With the emergence of the Saint Catherine natural protectorate in1998, Fansina, a project that changed the lives of hundreds of Bedouin women, was created. Through it, the women use traditional Bedouin motifs to create a range of modern products like handbags, back bags, purses, make up and jewelry bags, curtains, cushions, pillow cases, necklaces, water bottle bags, bed covers and quilts.
The idea of the project came to Dr Iman El Bastawisy, a professor at the American University in Cairo and Cairo University, as she was conducting research in the area at the time. She had noticed the beautiful motifs the women embroidered in abayas (long gowns) and in the traditional sugar bag, so she suggested they start selling them.
With only five women and two products, Fansina was established with funding from the European Union. Throughout the past 10 years, the project developed into an independent certified business employing 365 women for embroidery and 12 for sewing, all working from their homes. The project generates income for 450 houses in total and is currently training 100 young women to be hired next year. Each woman uses her own authentic Bedouin motif, bringing a sense of tradition into every unique piece.
According to Selema Gabaly, a Bedouin woman who has been managing and running the business since 1999, Fansina aims at preserving the Bedouin heritage and using it to improve the Bedouin economy. It also allows women to work and generate an income without violating their conservative traditions by working from home.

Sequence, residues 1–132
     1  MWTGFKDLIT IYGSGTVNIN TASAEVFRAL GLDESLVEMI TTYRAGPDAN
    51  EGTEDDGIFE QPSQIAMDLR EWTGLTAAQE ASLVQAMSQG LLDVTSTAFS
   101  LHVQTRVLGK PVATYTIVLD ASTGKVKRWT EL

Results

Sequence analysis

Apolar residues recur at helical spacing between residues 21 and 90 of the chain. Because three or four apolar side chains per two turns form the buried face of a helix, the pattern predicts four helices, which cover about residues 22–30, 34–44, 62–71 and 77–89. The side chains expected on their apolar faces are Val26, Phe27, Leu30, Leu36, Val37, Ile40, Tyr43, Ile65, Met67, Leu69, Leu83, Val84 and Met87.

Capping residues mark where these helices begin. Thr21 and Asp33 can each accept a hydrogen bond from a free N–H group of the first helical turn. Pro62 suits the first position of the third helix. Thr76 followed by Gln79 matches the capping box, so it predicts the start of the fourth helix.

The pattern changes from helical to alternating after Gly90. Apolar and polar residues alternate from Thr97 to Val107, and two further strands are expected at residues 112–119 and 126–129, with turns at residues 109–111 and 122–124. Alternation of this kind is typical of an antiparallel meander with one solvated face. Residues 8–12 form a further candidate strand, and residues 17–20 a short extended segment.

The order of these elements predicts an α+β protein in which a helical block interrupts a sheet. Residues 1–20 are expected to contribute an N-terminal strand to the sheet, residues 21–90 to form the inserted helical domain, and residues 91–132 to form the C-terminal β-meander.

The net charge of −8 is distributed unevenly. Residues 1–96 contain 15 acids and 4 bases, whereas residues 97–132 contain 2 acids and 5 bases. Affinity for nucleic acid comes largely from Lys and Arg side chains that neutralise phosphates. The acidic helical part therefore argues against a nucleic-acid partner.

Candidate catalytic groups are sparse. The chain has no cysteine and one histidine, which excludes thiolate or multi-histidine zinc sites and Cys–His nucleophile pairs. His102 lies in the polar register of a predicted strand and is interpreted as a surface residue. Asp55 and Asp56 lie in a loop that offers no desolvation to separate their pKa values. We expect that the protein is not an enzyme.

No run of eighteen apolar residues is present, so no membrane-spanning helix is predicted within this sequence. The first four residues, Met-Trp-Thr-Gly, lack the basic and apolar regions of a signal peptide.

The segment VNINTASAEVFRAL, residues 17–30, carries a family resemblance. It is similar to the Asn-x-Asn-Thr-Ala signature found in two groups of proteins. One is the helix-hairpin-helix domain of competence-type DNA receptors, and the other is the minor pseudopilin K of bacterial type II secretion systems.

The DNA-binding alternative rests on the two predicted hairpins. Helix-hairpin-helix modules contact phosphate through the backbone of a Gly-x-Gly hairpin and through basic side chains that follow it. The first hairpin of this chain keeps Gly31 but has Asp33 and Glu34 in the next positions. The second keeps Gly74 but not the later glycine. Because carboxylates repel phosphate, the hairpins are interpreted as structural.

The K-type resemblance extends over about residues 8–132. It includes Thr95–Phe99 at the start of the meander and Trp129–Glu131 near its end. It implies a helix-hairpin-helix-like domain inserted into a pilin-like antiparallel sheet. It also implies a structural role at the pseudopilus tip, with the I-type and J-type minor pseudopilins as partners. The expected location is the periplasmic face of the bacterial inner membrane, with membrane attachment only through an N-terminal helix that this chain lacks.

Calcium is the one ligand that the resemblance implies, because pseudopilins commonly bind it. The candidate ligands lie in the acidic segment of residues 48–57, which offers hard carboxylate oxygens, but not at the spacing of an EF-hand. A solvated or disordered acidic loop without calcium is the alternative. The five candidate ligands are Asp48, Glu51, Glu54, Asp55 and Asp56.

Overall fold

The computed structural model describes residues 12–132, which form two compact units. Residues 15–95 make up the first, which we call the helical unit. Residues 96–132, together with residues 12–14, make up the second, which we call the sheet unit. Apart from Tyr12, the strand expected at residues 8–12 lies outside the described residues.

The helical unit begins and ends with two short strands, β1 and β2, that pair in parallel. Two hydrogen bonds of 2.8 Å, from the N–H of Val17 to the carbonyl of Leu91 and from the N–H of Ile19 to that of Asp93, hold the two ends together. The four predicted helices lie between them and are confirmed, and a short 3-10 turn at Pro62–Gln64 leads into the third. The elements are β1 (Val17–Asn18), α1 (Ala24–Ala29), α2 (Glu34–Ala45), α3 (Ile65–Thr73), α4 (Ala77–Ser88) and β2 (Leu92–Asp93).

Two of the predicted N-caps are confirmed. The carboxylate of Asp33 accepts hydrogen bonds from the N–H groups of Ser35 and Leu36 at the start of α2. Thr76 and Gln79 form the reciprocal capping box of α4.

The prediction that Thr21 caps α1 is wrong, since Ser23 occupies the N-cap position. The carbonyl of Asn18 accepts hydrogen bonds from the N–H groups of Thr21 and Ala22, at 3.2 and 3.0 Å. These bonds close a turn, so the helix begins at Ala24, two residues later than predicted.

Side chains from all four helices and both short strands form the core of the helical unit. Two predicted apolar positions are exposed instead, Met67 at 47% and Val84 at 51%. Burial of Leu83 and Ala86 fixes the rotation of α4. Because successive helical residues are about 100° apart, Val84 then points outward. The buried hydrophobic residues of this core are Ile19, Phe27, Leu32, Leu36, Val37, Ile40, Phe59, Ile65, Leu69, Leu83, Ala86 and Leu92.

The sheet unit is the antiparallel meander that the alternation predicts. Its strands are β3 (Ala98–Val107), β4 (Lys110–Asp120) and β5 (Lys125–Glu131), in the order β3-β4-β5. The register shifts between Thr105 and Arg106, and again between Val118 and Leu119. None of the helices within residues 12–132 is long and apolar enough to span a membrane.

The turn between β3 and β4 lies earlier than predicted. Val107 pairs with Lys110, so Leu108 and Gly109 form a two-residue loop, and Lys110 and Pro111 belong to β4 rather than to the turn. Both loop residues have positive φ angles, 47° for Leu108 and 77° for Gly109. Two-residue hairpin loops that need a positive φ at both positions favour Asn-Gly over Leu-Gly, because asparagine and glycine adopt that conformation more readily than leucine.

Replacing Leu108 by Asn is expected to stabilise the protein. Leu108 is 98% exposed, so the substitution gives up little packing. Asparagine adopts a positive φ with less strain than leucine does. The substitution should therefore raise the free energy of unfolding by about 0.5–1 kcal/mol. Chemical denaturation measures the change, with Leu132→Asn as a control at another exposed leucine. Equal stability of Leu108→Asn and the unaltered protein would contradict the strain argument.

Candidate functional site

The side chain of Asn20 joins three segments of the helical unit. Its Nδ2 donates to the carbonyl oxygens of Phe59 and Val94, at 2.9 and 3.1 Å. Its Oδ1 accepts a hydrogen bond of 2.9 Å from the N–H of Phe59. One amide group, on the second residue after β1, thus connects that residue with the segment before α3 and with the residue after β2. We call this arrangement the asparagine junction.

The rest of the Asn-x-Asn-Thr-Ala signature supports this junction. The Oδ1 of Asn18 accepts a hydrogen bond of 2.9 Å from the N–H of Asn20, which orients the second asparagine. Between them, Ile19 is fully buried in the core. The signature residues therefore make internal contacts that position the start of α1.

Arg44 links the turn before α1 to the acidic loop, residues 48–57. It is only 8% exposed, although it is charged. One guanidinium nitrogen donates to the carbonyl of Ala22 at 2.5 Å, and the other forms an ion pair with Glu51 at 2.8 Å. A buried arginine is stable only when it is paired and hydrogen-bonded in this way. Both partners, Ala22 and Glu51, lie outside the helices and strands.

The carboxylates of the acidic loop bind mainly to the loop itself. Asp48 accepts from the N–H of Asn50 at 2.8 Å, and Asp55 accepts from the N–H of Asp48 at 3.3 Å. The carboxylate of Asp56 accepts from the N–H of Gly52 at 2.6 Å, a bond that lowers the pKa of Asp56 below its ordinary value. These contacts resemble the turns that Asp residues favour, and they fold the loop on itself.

Noha El Shoky, development consultant and marketing coordinator for all Fansina products, said Fansina has taken many steps in its quest to preserve the Bedouin cultural heritage. These include “documenting all Bedouin motifs in a catalogue, making a documentary of the life, people and handicrafts in Saint Catherine’s, collecting old artefacts and items from old houses. The project also organizes trainings by the older women of the community to teach the younger generations of the Bedouin age-old skills.
Fansina also plays a social role in the area. “Fansina is a one of a kind socially responsible enterprise, giving health education, computer training, and literacy classes to women and girls in the community, said El Shoky, After becoming a favorite among tourists in Saint Catherine, Dahab and Neweiba, Fansina’s products now have outlets in countries like England, Germany, Italy, and Canada.
“What we do is market an entire culture and region, not just the handicrafts, because for anyone to know the value of a piece of handicrafts, he or she needs to understand where it comes from, how hard it is to make and re-produce, and how each piece is unique, El Shoky explained.
Fansina’s products are available in many outlets in Cairo: The Hub Cairo in Heliopolis, Yadwee in Mohandiseen, Markaz in Maadi, Clara shops in Zamalek, Mohandiseen and Maadi, Handmade in Mohandiseen and Om El Dunia in Downtown.